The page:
Home Alarm: Spiking Homicide Rates in Philadelphia Could Partly Be Housing Issue, Rutgers–Camden Research Shows

Jan. 19, 2022

By Tom McLaughlin

The statistics are grim: Philadelphia had more than 500 homicides in 2021, making it the deadliest year in the city’s history.

One part of the solution, Rutgers University–Camden research shows, could be close to home. Higher eviction rates in Philadelphia neighborhoods are linked to higher rates of crime, homicide and burglary in Philadelphia neighborhoods from 2006 to 2016, according to the Rutgers–Camden study, “Eviction and Crime: A Neighborhood Analysis in Philadelphia,” published in the journal Crime & Delinquency.

The COVID-19 pandemic, Semenza said, has further illustrated “a precarious fine line” that most households live on from day to day and month to month.

“We believe that the destabilizing effect that evictions have on households can happen throughout entire communities,” says Dan Semenza, an assistant professor of criminal justice at Rutgers–Camden and co-author of the paper.

Rutgers-Camden researchers took data on Philadelphia eviction rates and paired it with neighborhood crime rates provided by the Philadelphia Police Department and demographic data from the American Community Survey.

“You put all that data together and you start to get a better idea of the relationships between these different variables,” Semenza said.

According to Semenza, the researchers already knew from prior studies that households experience significant “fallout” from eviction in the form of negative impact on health and financial stability. The COVID-19 pandemic, he said, has further illustrated “a precarious fine line” that most households live on from day to day and month to month.

Semenza noted, public housing assistance continues to be a core weakness in Philadelphia and nationwide.

Despite these eye-opening findings, the housing situation in Philadelphia may get worse before it gets better. The city stopped accepting applications for its cash-strapped emergency rental assistance program on Jan. 7 but did extend its eviction diversion program, which requires property owners to participate in mediation with tenants prior to going to court.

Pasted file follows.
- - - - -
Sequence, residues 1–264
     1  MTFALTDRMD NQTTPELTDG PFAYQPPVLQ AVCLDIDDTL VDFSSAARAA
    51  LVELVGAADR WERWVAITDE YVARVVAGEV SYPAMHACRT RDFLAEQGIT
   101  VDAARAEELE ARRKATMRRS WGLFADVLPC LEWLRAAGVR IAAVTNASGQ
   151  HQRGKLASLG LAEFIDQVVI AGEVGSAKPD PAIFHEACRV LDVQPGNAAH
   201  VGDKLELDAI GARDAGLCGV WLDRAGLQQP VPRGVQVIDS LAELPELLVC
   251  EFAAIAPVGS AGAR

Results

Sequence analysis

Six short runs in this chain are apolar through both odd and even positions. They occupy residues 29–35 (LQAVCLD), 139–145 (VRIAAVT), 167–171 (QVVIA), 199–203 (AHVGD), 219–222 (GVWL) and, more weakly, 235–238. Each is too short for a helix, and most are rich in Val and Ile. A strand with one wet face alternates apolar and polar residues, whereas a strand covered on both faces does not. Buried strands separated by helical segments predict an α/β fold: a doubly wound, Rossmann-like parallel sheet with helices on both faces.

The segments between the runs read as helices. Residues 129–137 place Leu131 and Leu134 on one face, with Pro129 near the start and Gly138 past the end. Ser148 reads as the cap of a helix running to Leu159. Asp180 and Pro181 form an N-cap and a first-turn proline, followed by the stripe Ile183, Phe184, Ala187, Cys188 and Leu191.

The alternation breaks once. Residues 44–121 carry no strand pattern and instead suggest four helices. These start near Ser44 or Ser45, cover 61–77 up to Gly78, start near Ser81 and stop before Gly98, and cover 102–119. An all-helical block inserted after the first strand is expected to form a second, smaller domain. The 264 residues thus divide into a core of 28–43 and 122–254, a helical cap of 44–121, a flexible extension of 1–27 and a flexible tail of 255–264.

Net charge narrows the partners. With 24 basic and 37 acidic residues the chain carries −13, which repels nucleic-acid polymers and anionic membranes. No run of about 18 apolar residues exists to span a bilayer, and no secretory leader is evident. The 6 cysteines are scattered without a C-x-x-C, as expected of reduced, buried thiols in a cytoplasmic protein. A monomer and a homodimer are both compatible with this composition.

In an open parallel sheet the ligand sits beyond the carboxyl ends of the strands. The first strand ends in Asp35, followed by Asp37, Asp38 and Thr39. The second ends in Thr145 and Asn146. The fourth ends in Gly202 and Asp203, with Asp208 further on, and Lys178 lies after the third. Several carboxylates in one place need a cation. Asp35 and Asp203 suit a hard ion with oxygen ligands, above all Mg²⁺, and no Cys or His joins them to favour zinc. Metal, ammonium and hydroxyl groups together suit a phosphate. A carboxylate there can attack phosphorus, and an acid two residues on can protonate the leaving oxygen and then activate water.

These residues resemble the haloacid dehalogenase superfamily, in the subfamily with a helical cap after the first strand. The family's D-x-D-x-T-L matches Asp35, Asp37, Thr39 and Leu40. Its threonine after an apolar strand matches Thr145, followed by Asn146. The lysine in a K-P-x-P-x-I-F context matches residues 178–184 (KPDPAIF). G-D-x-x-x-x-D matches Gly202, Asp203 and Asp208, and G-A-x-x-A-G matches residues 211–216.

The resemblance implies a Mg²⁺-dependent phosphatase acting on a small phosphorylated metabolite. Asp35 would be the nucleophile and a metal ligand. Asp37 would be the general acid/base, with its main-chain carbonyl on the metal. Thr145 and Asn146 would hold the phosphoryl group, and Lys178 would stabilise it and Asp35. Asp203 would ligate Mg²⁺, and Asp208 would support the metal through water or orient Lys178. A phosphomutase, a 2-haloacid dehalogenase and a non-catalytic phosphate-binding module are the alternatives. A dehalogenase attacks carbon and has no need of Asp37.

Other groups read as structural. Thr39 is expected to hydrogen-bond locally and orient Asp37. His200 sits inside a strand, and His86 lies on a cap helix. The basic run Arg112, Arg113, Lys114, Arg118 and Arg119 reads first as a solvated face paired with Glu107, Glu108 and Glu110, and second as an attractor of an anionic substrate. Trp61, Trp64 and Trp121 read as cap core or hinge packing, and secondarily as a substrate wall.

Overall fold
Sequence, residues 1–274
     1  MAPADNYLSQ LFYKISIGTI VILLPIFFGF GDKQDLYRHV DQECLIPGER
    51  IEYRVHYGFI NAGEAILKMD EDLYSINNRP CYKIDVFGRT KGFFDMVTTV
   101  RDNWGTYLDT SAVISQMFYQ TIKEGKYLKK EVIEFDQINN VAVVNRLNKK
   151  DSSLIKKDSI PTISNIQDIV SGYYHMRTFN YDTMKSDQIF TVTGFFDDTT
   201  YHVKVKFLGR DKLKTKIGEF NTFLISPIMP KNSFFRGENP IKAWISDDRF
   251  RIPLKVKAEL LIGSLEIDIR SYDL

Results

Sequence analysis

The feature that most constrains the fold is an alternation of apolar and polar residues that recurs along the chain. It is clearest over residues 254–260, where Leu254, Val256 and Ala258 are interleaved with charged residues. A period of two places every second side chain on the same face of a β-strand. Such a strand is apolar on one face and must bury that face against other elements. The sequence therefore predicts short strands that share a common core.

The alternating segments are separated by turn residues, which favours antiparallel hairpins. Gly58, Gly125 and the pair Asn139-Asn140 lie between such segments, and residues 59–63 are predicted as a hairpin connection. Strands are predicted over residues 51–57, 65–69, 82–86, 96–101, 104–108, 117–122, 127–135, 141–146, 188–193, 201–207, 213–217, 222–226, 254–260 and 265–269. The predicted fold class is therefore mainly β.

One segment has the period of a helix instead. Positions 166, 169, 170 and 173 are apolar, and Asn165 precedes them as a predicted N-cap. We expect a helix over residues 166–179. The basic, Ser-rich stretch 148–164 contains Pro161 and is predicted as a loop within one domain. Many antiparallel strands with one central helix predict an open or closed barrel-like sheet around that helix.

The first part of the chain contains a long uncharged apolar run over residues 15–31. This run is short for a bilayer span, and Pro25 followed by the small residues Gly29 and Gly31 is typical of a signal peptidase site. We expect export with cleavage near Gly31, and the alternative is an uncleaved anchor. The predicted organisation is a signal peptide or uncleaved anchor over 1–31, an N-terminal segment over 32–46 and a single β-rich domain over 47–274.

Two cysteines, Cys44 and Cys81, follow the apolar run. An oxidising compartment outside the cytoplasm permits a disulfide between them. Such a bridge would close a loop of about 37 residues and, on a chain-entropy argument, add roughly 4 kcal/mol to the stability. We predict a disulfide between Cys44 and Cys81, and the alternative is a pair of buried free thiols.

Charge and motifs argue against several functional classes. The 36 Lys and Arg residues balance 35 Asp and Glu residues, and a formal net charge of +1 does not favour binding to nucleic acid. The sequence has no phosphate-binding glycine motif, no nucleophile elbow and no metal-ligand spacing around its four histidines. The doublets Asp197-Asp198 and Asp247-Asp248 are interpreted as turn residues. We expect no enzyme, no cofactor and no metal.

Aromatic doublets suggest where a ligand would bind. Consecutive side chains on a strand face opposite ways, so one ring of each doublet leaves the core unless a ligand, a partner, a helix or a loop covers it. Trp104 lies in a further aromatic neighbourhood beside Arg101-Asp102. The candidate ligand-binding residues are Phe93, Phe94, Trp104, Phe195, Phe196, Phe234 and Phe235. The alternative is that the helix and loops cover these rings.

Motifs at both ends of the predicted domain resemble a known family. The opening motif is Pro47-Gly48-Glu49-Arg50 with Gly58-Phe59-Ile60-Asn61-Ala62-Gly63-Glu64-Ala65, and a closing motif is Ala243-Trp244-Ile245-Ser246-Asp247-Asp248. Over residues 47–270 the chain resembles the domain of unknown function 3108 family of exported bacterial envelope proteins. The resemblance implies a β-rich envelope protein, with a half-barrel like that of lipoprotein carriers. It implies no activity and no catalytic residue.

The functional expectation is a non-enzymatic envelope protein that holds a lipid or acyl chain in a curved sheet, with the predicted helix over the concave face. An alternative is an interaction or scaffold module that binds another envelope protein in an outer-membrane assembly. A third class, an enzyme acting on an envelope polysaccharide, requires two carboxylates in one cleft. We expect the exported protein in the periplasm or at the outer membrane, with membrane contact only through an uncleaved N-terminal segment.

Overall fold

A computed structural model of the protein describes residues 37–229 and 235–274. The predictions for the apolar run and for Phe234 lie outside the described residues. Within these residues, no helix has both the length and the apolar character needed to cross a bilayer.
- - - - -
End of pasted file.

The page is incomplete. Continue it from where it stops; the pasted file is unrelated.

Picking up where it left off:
Semenza noted, public housing assistance continues to be a core weakness in Philadelphia and nationwide. He believes additional evictions may further destabilize communities and potentially influence crime rates over time.

“With violent crime spiking in many cities, including Philadelphia, more evictions may cause further disruption beyond the already harmful effects of the pandemic,” Semenza said. “In terms of a safety net, a more permanent solution is needed, which means coming to grips with a lack of appropriate, affordable housing in many places in the country. The infrastructure for public housing is old and inadequate, and that has to change. Housing availability needs to be part of a big federal push and not just local dribs and drabs.”

Semenza’s co-authors for this study are Richard Stansfield, an associate professor of criminal justice at Rutgers–Camden; Nathan Link, an assistant professor of criminal justice at Rutgers–Camden; and Jessica Grosholz, an associate professor of criminology at the University of South Florida Sarasota-Manatee.

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